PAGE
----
Analysis: Microsoft could cut Windows 7 list price to $100
Calculations based on Feb. 2008 Vista price cuts
Computerworld - Microsoft could drop the price of Windows 7 to around $100 when it announces retail prices later this month, according to calculations based on an earlier Vista cost-cutting move.
Although Microsoft is not expected to go public with Windows 7 retail prices until next week, if it drops them by the same percentages it did in February 2008 when it cut U.S. prices for three editions of Vista, the upgrade to Windows 7 Home Premium could be $106.
If it does cut prices, Microsoft's motivations could range from a recognition of the recession's impact on consumers to a desire to move as many users as possible to Windows 7 -- which has been generally praised by reviewers -- to stem defections to other platforms, such as Apple's Mac OS X.
In that Vista price cut, Microsoft dropped the list prices of Vista Home Premium Upgrade, Vista Ultimate and Vista Ultimate Upgrade in the U.S. by 18.8%, 20% and 15.4%, respectively.
WINDOWS 7 PRICES WITH
FEB. 2008 % CUTS
|Current Vista||Windows 7|
|Home Premium Upgrade||$130||$106|
Vista Home Premium Upgrade, which had been priced at $159, fell to $129 in February 2008. Vista Ultimate Upgrade, meanwhile, dropped from $260 to $220. In other markets, such as the U.K. and the European Union, prices fell even more: Home Premium Upgrade was slashed by 46% in the EU.
Using the 2008 percentage price cuts for Ultimate as the basis for further reductions would put Windows 7 Ultimate at $256 and Windows 7 Ultimate Upgrade at $186.
PROJECTED WINDOWS 7 PRICES AFTER 10%, 20% CUTS
|Home Premium Upgrade||$130||$117||$104|
Those calculations, however, present problems with the pricing of Windows 7's other edition, dubbed Professional, the replacement for Vista Business in the line-up. Microsoft has been adamant that each version of Windows 7 will be a superset of the one immediately lower on the price/feature ladder. Such a strategy would hint at prices set accordingly; in other words, Business would be priced higher than Home Premium but lower than Ultimate.
Because Microsoft declined to cut the U.S. prices of Vista Business or Vista Business Upgrade, however, relying on the 2008 decreases means that, by Computerworld's calculations, Windows 7 Professional would remain at $300 and Windows 7 Professional Upgrade at $200. That's unlikely, given that those numbers would price Professional higher than Ultimate.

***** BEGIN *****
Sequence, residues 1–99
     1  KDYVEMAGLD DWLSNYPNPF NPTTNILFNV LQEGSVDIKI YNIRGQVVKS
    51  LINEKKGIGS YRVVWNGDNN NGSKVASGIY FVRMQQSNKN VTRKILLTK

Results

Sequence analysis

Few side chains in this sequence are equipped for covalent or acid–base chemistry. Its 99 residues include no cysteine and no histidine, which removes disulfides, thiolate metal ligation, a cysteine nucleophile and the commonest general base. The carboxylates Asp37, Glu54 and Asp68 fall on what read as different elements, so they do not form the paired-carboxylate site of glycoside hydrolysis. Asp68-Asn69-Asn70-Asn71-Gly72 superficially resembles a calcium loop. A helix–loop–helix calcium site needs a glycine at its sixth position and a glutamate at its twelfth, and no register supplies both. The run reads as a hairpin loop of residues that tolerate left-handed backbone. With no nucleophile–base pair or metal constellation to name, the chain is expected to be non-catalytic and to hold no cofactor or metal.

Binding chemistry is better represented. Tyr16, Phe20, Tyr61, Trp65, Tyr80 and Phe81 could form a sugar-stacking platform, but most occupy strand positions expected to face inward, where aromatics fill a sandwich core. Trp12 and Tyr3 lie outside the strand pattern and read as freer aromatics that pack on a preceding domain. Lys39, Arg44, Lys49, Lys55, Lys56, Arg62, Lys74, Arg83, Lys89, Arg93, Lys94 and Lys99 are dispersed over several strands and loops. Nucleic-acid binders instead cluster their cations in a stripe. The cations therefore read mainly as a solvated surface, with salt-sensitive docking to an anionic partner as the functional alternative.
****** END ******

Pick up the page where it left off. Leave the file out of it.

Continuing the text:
Another tack that Microsoft could take would be to simply cut prices for all editions by the same percentage, thereby lowering prices while still keeping its tier structure intact. In a scenario where the company cuts prices 10% from the current Vista list, for example, Windows 7 Home Premium Upgrade would list at $117, while Professional Upgrade and Ultimate Upgrade would be priced at $180 and $198, respectively.
- Windows 7 upgrade programs will start soon, vary by vendor
- Microsoft caves to EU antitrust pressure over IE
- Microsoft trying to set own antitrust remedy, says Opera CEO
- EC to pursue antitrust case despite Microsoft's IE decision
- Analysis: Microsoft could cut Windows 7 list price to $100
- Report: Best Buy memo prices Windows 7 upgrades at $50
- Microsoft sets Windows 7 launch for Oct. 22
- Speed Test: Windows 7 RC not much faster than Vista
- Path Selection Infographic Path Selection Infographic
- Hyperconvergence Infographic A wide range of observers agree that data centers are now entering an era of "hyperconvergence" that will raise network traffic levels faster...
- Preparing Your Infrastructure for the Hyperconvergence Era From cloud computing and virtualization to mobility and unified communications, an array of innovative technologies is transforming today's data centers.
- How WAN Optimization Helps Enterprises Reduce Costs If you wanted to break down innovation into a tidy equation, it might go something like this: Technology + Connectivity = Productivity. Productivity...
- Cloud Knowledge Vault Learn how your organization can benefit from the scalability, flexibility, and performance that the cloud offers through the short videos and other resources...
- LIVE EVENT: 5/7, The End of Data Protection As We Know It. Introducing a Next Generation Data Protection Architecture. Traditional backup is going away, but where does this leave end-users? All Windows White Papers | Webcasts